That’s welcome news for the civil engineering profession. “I know that there are some corners of the industry where women, still, are perceived as not being welcome, and I have heard stories like the one that started #ILookLikeAnEngineer, but I’m thankful and grateful to all the men and women I’ve worked with; I don’t have any real ‘war stories’ to tell,” Dhingra said. “It’s important that we continue to talk about why there aren’t more women going into (and staying in) engineering, but we should also highlight the women who are happy and successful in their jobs.”
Laura Whitehurst, P.E., S.E., LEED AP BD+C, M.ASCE, an associate in the San Francisco office of the international structural engineering firm Walter P Moore, has been an engineer for seven years, and also wrote in response to questions posed by Civil Engineering online. For her, #ILookLikeAnEngineer is also a tribute to just how far acceptance of female engineers has come. “My mother is a geologist, and her mother was a structural engineer, so I’ve had a lot of good role models for strong, female STEM [science, technology, engineering, and mathematics] professionals,” Whitehurst said. “The stories I’ve heard about my mother’s and grandmother’s challenges in the workplace have definitely made me appreciate the changes that have come about since then. I think the ability to judge an engineer on sight is fast receding, and I want to help push that trend,” Whitehurst explained.
Acceptance of diversity has been shown to result in innovative engineering solutions, according to Nadya A. Fouad, Ph.D., a professor and chair of the department of educational psychology at the University of Wisconsin, Milwaukee, and coauthor of the 2011 report “Stemming the Tide: Why Women Leave Engineering,” which was published by the university. But as has been covered extensively by the media, it is difficult to retain women in STEM fields. “Our strongest finding is that although the more diverse the engineering team, the better the innovations, women are leaving for environmental reasons,” Fouad said in a written responses to questions posed by Civil Engineering online. The reasons range from a lack of advancement opportunities and poor investment in employees’ training and development, to a “chilly—and sometimes toxic—environment where there are poor supervisor behaviors,” Fouad noted.
With anecdotal evidence showing an improvement in the treatment of women and a growing diversity in the civil and structural engineering fields over the past few decades, the question becomes what the hard data indicate for the future. “In 2013, women earned 21 percent of the bachelor’s degrees in civil engineering,” said Maria Ong, Ph.D., a senior research scientist at the Cambridge, Massachusetts-based Technical Education Research Centers, Inc. (TERC), a research and development lab for STEM education. Ong wrote in response to questions posed by Civil Engineering online. “[Women’s] representation in civil was almost twice as much as that in mechanical or electrical (12 percent), but less than in chemical engineering (32 percent),” she noted.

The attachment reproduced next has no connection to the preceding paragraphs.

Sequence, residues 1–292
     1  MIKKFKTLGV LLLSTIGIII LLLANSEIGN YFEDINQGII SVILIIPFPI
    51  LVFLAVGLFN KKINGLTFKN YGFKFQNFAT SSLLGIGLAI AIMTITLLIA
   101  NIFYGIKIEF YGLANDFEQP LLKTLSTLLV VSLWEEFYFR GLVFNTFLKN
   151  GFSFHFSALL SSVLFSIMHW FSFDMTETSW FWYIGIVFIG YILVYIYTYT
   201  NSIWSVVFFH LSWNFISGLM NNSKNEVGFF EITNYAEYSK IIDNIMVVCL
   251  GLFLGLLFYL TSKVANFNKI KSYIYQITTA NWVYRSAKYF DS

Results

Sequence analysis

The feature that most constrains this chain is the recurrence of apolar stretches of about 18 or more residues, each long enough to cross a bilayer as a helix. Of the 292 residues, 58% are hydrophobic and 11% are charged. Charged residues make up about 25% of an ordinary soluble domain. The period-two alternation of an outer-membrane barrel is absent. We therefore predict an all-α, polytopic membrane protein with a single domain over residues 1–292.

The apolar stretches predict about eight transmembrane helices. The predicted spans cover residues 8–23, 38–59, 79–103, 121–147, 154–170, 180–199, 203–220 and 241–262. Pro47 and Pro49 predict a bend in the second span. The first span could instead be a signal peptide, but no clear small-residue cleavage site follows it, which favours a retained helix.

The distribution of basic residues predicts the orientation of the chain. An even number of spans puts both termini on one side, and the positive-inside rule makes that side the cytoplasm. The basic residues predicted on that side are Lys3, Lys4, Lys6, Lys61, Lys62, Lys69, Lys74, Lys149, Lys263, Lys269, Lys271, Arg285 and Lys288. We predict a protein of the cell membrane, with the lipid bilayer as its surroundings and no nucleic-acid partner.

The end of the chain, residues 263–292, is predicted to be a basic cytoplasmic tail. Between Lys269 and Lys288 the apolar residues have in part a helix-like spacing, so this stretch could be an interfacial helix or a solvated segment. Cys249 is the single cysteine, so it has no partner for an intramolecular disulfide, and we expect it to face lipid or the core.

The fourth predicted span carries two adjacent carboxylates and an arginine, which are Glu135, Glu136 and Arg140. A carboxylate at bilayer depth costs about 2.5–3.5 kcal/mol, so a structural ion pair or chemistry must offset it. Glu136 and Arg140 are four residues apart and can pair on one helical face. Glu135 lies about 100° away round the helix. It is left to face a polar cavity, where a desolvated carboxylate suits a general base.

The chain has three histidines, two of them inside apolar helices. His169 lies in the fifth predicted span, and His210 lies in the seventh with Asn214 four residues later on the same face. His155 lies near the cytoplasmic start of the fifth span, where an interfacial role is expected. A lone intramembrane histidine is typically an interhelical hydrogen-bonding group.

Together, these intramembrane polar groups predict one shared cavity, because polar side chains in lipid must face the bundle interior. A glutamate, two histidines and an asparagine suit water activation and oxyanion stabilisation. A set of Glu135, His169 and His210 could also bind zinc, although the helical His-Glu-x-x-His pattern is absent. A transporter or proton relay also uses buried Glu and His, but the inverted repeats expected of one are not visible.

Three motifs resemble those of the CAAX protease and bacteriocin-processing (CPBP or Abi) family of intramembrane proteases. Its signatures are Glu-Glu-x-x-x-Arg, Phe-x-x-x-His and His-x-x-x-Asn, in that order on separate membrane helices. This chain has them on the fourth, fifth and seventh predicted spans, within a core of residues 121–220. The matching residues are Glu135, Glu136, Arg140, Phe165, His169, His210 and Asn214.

The situation for women of color—that is, women who identify as African American, Asian American, Latina, and Native American—is not as positive, according to Ong. Over the past decade, civil engineering has had the fourth-lowest average (following aerospace, mechanical, and electrical) for women of color earning bachelors’ degrees, “though it’s worth noting that, in absolute numbers (not percentages), in 2013, women of color earned the most engineering degrees in civil,” Ong said.
And the opportunities are certainly there, according to Ong, who noted that civil engineering is one of the fastest-growing professional engineering fields. “The U.S. Bureau of Labor Statistics projects that employment of civil engineers will grow 20 percent from 2012 to 2022, faster than the average for all occupations,” Ong said. In comparison, the same projections indicate that architecture and engineering overall are expected to grow a mere 7.3 percent between 2012 and 2022. “To meet this demand [for civil engineers], and to remain economically and globally competitive, the United States needs to increase the size and diversity of its advanced, domestic engineering workforce,” Ong noted. “Women, and especially women of color, are a largely untapped source. We need to be striving to have each group’s representation in civil engineering, and in all STEM fields, reflect their representation in the nation.”
Not only will this increased diversity offer increased numbers for the profession, it will also improve the problem-solving capabilities of the engineers. “I believe there needs to be a cultural shift in engineering, and in all of STEM, whereby everyone accepts that full participation of women, minorities, and other underrepresented groups can lead to new ways of understanding the universe, as well as new perspectives that can transform the practices and outcomes of science and engineering,” Ong said.